The scene is set in small town New Brunswick and the room at LJR Regional High School in Shediac went silent. You could hear a SIM card drop. Students from Grades 11 and 12 listened intently to hear Autumn Peltier speak her truth…simply and with integrity. She intuitively understands the teachings of her culture, having learned from many, and especially from a celebrated elder in her community (her Auntie Josephine), her mother and her grandfather. She speaks their truth: protect and respect the Earthʼs elements, they ensure your survival.

She had spoken truth to the Assembly of First Nations with a pan-Canadian audience. She also spoke her truth to Justin Trudeau, expressing her sorrow that her words may go unheeded. She worries about follow through. So she says we can’t just pray anymore. She has done long water walks, protested, marched, blocked a highway.

But she is a 13-year-old girl who cares a lot about her friends, being raised by a fiercely independent and brave mother. Now her water work needs to allow her to experience being 13, as well. So in the conference room at LJR over 40 students and three teachers had gathered to hear her speak and view her presentation containing photos of water walks, her family members, Aunt Josephine and the activism she has participated in. During this session, her mother Stephanie was very active.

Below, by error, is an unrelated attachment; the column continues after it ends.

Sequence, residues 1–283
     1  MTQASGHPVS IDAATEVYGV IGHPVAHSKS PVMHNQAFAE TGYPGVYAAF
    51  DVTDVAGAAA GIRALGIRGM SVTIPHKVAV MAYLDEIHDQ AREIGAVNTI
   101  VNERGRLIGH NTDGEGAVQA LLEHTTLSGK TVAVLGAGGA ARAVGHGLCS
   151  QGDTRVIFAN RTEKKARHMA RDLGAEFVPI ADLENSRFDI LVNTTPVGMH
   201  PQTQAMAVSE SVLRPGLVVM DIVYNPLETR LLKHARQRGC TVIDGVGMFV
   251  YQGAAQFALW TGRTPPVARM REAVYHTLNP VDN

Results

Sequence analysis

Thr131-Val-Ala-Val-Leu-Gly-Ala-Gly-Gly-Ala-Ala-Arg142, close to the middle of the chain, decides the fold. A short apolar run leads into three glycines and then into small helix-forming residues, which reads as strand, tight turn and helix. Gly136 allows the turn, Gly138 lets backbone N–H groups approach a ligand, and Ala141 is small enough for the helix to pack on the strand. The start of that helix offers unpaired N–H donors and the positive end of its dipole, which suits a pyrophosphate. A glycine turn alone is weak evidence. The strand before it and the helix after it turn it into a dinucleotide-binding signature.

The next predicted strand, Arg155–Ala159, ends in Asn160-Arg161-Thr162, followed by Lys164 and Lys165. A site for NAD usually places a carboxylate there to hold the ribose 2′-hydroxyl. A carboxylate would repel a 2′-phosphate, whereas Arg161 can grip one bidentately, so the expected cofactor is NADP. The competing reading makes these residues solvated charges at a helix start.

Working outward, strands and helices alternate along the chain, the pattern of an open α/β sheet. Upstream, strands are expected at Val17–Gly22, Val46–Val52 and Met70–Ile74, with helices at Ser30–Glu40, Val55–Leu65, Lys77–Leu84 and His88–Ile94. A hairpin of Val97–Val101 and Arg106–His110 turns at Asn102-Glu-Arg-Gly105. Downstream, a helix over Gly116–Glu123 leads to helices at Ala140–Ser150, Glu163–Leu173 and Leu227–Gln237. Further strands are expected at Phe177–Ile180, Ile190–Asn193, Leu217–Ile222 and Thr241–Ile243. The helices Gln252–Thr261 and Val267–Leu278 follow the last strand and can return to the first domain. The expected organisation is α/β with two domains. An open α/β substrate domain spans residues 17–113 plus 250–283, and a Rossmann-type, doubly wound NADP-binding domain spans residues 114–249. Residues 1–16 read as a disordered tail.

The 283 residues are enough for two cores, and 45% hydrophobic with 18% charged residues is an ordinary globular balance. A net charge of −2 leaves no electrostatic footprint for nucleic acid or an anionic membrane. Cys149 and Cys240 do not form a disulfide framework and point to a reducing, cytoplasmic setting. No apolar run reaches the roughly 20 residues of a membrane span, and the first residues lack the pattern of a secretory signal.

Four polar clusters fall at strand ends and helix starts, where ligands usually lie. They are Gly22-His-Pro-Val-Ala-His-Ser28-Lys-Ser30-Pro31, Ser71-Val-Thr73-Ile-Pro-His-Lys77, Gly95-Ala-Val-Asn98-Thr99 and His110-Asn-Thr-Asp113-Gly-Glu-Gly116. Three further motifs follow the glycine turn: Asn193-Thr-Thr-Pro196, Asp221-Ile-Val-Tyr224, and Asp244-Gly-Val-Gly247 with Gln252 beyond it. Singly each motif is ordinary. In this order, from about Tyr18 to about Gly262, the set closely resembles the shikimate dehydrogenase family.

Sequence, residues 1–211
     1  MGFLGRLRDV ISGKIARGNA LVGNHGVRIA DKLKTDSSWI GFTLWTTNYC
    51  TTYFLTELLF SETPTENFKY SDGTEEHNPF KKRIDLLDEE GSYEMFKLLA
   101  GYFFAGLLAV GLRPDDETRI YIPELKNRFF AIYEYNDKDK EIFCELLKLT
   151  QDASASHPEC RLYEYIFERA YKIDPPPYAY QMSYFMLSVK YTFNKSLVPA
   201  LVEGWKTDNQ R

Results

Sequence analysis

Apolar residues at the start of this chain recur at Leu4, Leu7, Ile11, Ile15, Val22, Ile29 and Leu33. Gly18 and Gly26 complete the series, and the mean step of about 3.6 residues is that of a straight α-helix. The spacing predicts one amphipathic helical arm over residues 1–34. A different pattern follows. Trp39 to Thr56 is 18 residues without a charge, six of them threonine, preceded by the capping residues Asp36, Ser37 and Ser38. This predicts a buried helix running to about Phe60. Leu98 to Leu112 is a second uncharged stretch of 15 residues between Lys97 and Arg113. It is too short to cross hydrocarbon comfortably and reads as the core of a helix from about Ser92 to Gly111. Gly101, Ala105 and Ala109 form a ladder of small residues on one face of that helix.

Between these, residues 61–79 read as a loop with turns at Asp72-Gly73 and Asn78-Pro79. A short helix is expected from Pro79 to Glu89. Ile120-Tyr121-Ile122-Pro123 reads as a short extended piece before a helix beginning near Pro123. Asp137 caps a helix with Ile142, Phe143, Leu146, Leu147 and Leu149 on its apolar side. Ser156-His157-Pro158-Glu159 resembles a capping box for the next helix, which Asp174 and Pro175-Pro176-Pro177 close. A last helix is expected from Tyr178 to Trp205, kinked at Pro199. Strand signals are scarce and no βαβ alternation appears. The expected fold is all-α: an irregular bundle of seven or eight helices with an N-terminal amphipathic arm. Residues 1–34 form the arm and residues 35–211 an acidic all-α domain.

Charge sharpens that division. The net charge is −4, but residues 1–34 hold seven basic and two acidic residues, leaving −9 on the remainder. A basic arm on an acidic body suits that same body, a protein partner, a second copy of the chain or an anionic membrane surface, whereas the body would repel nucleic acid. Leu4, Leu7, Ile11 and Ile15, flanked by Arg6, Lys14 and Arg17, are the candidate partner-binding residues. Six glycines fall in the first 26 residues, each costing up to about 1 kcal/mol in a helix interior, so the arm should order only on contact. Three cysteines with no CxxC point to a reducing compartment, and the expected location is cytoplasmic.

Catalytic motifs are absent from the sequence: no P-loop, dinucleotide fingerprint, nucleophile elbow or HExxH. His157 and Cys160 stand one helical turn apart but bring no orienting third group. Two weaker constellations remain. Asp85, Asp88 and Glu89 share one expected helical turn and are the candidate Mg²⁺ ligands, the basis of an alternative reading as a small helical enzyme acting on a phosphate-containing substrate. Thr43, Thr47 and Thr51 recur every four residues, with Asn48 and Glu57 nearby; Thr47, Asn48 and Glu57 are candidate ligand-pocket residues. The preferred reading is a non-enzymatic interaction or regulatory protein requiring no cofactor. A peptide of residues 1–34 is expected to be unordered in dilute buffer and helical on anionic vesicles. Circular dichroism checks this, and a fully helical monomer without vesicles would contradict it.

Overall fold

Questions followed: What is a water walk, who is your inspiration, what was it like to fly across the Atlantic to go to this big meeting in Sweden, can we reach you through social media? Then Stephanie grabbed some audio speakers she saw in the room. Very quickly she set up a YouTube of Autumn making her speech to the chiefs of the Assembly of First Nations after her return from Sweden. In it Autumn sings a ceremonial water song. Halfway through, her tears overflow and she weeps. But she goes on. She is determined to finish the song.